By Katerina Kolozova
Following François Laruelle's nonstandard philosophy and the paintings of Judith Butler, Drucilla Cornell, Luce Irigaray, and Rosi Braidotti, Katerina Kolozova reclaims the relevance of different types generally rendered "unthinkable" through postmodern feminist philosophies, corresponding to "the real," "the one," "the limit," and "finality," hence seriously repositioning poststructuralist feminist philosophy and gender/queer studies.
Poststructuralist (feminist) concept sees the topic as a only linguistic type, as always already a number of, as always already nonfixed and fluctuating, as unlimited discursivity, and as constitutively indifferent from the example of the genuine. This reconceptualization is predicated at the exclusion of and dichotomous competition to notions of the true, the single (unity and continuity), and the strong. The non-philosophical analyzing of postructuralist philosophy engenders new types of universalisms for worldwide debate and motion, expressed in a language the area can comprehend. It additionally liberates idea from ideological paralysis, recasting the genuine as an instantly skilled human made up our minds via gender, race, and social and monetary situation.
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Additional resources for Cut of the Real: Subjectivity in Poststructuralist Philosophy (Insurrections: Critical Studies in Religion, Politics, and Culture)
Thus we arrive at my initial questions: Doesn’t this proposition’s very stability render it exclusive? Doesn’t the stabilization of this particular truth introduce binary, oppositional, and dualistic thinking into the constitutive layers, into the very tissue of the discourse? My investigation will seek to focus on these and some other closely related questions, including that of the position of the instance and concept of the real vis-à-vis that of discourse and language. This question will impose itself as the central one.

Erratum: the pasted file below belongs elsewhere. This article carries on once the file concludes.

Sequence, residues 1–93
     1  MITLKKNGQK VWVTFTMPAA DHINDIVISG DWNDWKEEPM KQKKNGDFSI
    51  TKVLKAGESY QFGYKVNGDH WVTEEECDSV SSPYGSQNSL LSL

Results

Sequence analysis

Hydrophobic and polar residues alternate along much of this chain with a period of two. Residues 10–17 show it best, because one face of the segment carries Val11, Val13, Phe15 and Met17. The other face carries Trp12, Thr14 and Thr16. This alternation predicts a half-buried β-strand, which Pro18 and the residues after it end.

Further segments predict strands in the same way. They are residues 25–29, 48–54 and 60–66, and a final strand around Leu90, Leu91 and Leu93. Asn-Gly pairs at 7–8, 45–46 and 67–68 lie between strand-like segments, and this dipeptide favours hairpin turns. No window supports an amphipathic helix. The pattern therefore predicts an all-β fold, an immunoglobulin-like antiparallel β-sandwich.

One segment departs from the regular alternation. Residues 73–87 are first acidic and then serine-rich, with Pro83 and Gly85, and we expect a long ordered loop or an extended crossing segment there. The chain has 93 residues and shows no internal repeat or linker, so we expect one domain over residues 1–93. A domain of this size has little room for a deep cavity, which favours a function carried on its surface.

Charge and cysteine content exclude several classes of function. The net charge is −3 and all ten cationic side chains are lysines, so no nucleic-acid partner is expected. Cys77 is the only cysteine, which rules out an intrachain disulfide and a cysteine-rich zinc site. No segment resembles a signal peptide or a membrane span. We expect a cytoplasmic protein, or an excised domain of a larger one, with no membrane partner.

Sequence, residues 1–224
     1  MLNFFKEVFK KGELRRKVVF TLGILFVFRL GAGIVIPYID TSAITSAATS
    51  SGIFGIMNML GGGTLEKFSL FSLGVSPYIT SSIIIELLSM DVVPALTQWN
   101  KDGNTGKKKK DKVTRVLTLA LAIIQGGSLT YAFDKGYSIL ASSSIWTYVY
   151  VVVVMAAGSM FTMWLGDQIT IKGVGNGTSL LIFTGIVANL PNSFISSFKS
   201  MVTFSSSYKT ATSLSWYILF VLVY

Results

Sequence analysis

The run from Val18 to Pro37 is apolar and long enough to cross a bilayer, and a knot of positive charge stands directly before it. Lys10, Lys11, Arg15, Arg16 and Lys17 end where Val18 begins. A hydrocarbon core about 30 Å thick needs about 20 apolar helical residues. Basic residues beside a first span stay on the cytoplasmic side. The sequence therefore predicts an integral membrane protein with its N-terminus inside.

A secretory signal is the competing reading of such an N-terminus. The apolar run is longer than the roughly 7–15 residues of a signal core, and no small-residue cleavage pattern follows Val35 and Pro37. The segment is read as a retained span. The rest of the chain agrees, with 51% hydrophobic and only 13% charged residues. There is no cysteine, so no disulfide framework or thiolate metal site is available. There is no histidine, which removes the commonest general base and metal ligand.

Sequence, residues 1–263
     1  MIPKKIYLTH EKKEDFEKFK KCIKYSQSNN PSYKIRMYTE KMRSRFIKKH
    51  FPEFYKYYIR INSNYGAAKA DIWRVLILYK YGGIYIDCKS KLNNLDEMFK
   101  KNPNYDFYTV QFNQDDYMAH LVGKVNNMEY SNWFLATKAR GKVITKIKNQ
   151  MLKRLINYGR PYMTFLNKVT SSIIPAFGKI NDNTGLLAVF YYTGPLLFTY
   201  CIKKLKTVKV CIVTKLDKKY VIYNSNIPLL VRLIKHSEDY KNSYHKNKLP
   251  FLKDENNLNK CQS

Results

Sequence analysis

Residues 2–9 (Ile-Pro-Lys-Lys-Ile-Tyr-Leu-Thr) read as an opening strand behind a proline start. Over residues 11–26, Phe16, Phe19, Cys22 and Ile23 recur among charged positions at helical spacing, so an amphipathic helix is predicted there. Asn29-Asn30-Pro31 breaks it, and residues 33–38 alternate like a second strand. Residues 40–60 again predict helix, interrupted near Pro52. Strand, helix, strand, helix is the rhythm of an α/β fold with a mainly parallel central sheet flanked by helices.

In drafting the first version of this manuscript, my friend Ray Brassier has been a great help in my efforts to formulate concepts as clearly as possible in a language that is not my mother tongue. This process has been harder than all others that preceded it because of the vocabulary, which relies primarily on Laruelles non-philosophical terminology. The support of my friends and family in the process of writing has been very important to me. So I thank Kristina Kolozova-Antovic, Artan Sadiku, Svetozar Antovic, Mitko Cheshlarov, Roland Hennig, Isidora Hennig, and Senka Kolozova.
I will argue that the trauma is not just an abstraction; it is not a mere generalization that always manifests itself in the same way and tautologically (“trauma is traumatic”). To the contrary, trauma has a multitude of instantiations, forms, and qualities of experience, and accounting for this experiential diversity matters. It makes a difference whether the trauma is caused by brutal physical violence or the loss of a loved one, or whether it is the effect of (“normal,” that is, nonviolent) sexual experience.